Post a doctored video of Trump on Twitter and you'll probably end up getting more (left-wing) followers, but air one on live television and you'll get fired.
That's what appears to have happened to a staffer at Fox News affiliate Q13 in Seattle after the now-former employee aired what was clearly an altered video of President Trump giving his first ever address to the nation from the Oval Office on the issue of border security.
The video the staffer aired was altered to give Trump an overly-large mouth and to make him at one point push his tongue out in bizarre fashion. The colors of the video were also adjusted to make him look more orange.
"Hopefully, we can rise above partisan politics in order to support national security," the president said, pausing to lick his lips strangely.
A local radio station was tipped off about the altered video and produced a side-by-side comparison (see below).
"A listener to my program sent me a video that appears to show a deceptively edited video of President Trump’s speech from the Oval Office," KTTH's Todd Herman reported Thursday. "We performed a side-by-side comparison of the video from our listener, apparently taken by a smart phone recording of Q13, to the raw video of Trump’s speech from CNN. That comparison revealed the Q13 video creating a loop of the President licking his lips — making it seem bizarre and unbalanced — it also seems that someone distorted the President’s face and may have added an orange tone to his skin."
The Fox affiliate quickly suspended the editor responsible and issued a statement to KTTH late Wednesday. "This does not meet our editorial standards and we regret if it is seen as portraying the president in a negative light," Q13 news director Erica Hill told the station.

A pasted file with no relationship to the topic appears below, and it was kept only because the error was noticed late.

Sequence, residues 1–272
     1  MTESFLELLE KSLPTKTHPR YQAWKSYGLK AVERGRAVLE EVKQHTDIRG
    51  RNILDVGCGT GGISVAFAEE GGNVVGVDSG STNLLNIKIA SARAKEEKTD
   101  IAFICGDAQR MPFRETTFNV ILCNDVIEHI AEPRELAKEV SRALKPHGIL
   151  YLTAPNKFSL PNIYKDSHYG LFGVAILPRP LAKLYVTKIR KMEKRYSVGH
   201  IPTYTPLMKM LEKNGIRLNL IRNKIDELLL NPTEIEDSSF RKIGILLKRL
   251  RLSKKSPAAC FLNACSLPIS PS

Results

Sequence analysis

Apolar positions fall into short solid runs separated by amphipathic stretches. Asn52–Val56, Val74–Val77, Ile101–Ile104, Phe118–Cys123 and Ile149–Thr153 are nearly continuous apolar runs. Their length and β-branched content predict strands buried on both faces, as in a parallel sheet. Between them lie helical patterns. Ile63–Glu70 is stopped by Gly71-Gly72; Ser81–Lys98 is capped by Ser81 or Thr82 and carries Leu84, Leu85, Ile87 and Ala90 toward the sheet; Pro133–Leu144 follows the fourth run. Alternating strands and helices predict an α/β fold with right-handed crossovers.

Hill followed that statement up Thursday morning with the announcement that the editor had been fired. "We’ve completed our investigation into this incident and determined that the actions were the result of an individual editor whose employment has been terminated," she said.
Hill did not specify if the staffer created the video or used an already doctored one, the Seattle Times notes.
Below is the video posted on MyNorthwest.com that shows the altered version of Trump's statement that aired on Q13 next to the undoctored version from CNN:
Note: The Seattle Times' report on the altered Trump video includes a problematic claim: that Press Sec. Sarah Sanders posted a video of Jim Acosta "putting his hands" on a White House staffer that the Times says fact-checkers concluded "had been altered to distort and exaggerate Acosta’s movements." However, after initial claims that the video had been deliberately doctored, follow-up analysis by fact-checkers determined that the formatting change to a GIF unintentionally made the video look "sped up," as BuzzFeed's Charlie Warzel explained:
There's no evidence that the video was deliberately sped up — but the change in format, from a high-quality video to a low-quality GIF, turns the question of whether it was "doctored" into a semantic debate. This video analysis by BuzzFeed News demonstrates what the GIF conversion process does to video. While it's not technically "sped up" by intent, it effectively is in practice. The video-to-GIF conversion removes frames from the source material by reducing the frame rate. The GIF-making tool GIF Brewery, for example, typically reduces source video to 10 frames per second. Raw, televised video typically has a frame rate of 29.97 frames per second.